The necessity of EU-UEFA cooperation for advancing EU external relations is also underscored by the fact that UEFA harbours member associations such as Azerbaijan, Georgia, Israel, Moldova and Ukraine – which are all quite important for the EU when it comes to the European Neighbourhood Policy. In Israel, the EU is vested in resolving the protracted Israeli-Palestinian Conflict among other things while also wanting to resolve the Nagorno-Karabagh conflict in the South Caucasus where it oftentimes plays a role politically through engagement but non-recognition of the de facto states there. It is noteworthy that the ENP is one of the EU External Relations and Foreign Policy fields touted by the High Level Group on Sport Diplomacy as an area in which Sport could bring added value if deployed in advancing the EU’s external relations objectives.
UEFA in this regard come across as a natural ally for the EU since football shares ‘the values and principles of the European Union and UEFA, such as respect for the rights and principles enshrined in the Charter of Fundamental Rights of the European Union’ and as well, because for the EU, this involvement by other international actors and organizations in promoting identical norms that fall into the dominant discourse enhances the effectiveness of norm transfer as it allows EU action to ‘strike a chord’ which further fortifies the legitimacy output of the EU’s acquis. Therefore, partner organizations like UEFA that harbour key third countries arguably present an entry point for the EU since cooperation in less sensitive fields such as Sport policy, presumably via UEFA can help teether these regions faster towards EU norms, rules and values despite their political orientations.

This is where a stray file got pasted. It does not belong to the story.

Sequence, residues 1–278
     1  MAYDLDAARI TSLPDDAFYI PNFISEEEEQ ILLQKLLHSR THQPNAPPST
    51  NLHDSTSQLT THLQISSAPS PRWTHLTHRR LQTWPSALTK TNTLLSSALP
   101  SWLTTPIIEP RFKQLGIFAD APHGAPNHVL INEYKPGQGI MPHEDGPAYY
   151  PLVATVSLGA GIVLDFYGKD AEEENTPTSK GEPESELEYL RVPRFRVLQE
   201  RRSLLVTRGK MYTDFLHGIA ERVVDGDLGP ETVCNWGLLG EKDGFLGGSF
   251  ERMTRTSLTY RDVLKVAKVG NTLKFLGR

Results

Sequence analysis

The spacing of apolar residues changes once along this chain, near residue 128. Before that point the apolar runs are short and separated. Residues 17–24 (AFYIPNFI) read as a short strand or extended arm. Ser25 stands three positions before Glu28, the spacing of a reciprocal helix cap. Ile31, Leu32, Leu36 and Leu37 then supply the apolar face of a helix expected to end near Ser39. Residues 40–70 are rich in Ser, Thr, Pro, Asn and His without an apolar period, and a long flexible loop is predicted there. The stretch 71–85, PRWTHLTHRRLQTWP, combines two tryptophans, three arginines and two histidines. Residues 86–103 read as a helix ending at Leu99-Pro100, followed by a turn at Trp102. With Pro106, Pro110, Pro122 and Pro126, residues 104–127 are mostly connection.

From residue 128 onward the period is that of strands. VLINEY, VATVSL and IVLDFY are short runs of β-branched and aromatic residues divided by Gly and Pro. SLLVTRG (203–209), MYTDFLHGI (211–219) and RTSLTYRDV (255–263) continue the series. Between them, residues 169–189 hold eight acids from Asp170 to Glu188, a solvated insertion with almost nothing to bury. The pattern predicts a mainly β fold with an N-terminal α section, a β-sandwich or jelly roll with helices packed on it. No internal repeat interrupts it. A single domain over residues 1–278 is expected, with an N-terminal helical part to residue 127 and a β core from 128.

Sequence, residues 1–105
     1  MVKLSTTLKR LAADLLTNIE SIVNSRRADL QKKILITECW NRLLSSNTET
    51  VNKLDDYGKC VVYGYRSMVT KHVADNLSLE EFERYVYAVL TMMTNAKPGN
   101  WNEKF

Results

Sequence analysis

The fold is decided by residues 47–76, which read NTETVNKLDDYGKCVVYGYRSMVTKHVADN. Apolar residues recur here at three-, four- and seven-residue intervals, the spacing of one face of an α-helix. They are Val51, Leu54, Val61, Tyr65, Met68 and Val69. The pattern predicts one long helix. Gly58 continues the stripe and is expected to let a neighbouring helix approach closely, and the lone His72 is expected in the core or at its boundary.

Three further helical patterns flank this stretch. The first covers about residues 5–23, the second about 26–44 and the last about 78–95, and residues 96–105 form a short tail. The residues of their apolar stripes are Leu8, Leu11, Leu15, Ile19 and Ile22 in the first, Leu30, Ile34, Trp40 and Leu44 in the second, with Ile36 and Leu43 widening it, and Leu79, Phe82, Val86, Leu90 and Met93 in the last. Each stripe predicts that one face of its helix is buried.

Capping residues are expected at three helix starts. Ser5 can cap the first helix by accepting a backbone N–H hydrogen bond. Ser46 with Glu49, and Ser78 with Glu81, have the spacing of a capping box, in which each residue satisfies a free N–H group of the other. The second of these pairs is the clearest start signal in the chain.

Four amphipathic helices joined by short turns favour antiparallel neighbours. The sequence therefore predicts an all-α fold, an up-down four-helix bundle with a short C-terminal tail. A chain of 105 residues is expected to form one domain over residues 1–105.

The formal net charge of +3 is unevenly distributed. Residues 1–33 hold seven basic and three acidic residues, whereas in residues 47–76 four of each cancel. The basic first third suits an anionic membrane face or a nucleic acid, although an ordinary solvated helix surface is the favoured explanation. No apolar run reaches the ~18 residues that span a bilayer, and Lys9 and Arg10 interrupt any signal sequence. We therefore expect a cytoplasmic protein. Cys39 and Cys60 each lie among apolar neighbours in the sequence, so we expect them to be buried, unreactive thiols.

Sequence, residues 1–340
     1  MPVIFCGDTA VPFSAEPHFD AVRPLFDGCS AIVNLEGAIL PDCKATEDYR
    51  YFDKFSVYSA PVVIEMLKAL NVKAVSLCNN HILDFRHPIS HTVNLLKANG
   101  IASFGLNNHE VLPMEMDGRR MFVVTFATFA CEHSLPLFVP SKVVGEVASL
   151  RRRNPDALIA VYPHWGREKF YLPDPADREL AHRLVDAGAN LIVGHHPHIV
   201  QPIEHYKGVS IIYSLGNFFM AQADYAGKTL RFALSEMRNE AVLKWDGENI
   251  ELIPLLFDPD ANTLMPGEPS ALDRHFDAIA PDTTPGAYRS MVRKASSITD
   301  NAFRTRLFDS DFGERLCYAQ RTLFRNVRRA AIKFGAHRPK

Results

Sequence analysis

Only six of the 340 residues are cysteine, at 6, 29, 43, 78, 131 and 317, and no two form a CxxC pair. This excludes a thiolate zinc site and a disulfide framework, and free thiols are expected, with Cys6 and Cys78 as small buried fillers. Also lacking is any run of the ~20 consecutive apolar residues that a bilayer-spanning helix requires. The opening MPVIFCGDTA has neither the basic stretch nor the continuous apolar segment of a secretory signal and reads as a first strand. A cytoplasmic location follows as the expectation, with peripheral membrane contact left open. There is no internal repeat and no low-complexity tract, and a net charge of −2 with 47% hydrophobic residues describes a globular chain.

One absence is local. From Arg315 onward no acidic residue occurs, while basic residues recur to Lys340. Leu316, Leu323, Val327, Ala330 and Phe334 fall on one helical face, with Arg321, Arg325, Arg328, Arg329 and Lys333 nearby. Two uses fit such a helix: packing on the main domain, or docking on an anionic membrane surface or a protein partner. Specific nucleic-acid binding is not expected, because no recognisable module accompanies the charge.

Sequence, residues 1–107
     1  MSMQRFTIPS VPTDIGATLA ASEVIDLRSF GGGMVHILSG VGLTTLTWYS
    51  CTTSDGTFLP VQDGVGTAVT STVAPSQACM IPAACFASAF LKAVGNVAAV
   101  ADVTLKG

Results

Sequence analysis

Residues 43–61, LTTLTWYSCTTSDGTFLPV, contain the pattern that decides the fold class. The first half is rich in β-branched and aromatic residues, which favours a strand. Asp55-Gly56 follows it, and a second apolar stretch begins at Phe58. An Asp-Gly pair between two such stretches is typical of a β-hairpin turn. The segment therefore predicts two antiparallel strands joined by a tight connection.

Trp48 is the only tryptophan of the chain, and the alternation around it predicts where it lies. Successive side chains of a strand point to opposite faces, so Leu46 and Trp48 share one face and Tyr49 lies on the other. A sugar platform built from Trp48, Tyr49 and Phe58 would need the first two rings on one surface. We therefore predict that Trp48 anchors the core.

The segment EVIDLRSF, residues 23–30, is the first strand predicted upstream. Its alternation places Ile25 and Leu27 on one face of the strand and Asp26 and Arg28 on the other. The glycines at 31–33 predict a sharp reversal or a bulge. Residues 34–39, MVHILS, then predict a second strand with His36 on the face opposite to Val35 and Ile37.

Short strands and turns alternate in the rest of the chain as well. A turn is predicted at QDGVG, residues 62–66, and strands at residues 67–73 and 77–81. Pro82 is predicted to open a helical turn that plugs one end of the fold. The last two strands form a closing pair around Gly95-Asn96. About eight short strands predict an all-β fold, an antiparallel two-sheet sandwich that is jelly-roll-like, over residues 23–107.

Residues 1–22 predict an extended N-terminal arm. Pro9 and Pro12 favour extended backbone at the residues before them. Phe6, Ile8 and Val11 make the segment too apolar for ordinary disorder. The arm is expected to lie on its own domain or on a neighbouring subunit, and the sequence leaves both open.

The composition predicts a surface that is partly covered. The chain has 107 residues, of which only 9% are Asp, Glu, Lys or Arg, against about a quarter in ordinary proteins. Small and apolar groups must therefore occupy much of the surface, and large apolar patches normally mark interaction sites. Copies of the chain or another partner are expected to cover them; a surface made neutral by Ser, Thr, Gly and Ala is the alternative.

From an economic standpoint, UEFA is also fundamental for the successful promotion of the European sports dimension. Whereas the Walrave and Koch ruling already established that sport falls within EU law whenever it constitutes an economic activity, since 2011 the EU sports model has also been transposed towards football clubs in UEFA member associations that are from third countries due to the Financial Fair Play regime. Since the objectives of FFP resonate with the aims and objectives of EU policy in the field of State Aid, UEFA acts as some kind of trigger mechanism that allows the EU to indirectly convey its market principles and competition rules towards third countries. In so doing, this consolidates upon the normative rules/values transposition of the EU towards non-EU countries.
In any case, various processes from the Bosman ruling, culminating in the founding of UEFA offices in Brussels all the way back in 2003 - pitting it amongst the political ‘movers and shakers’- perhaps was always going to mean that UEFA would be central in any EU sport diplomacy owing to heightened contacts between the two both historically and at present.
Sociology, University of Zimbabwe, Harare, Zimbabwe
European Interdisciplinary Studies, College of Europe, Warsaw, Poland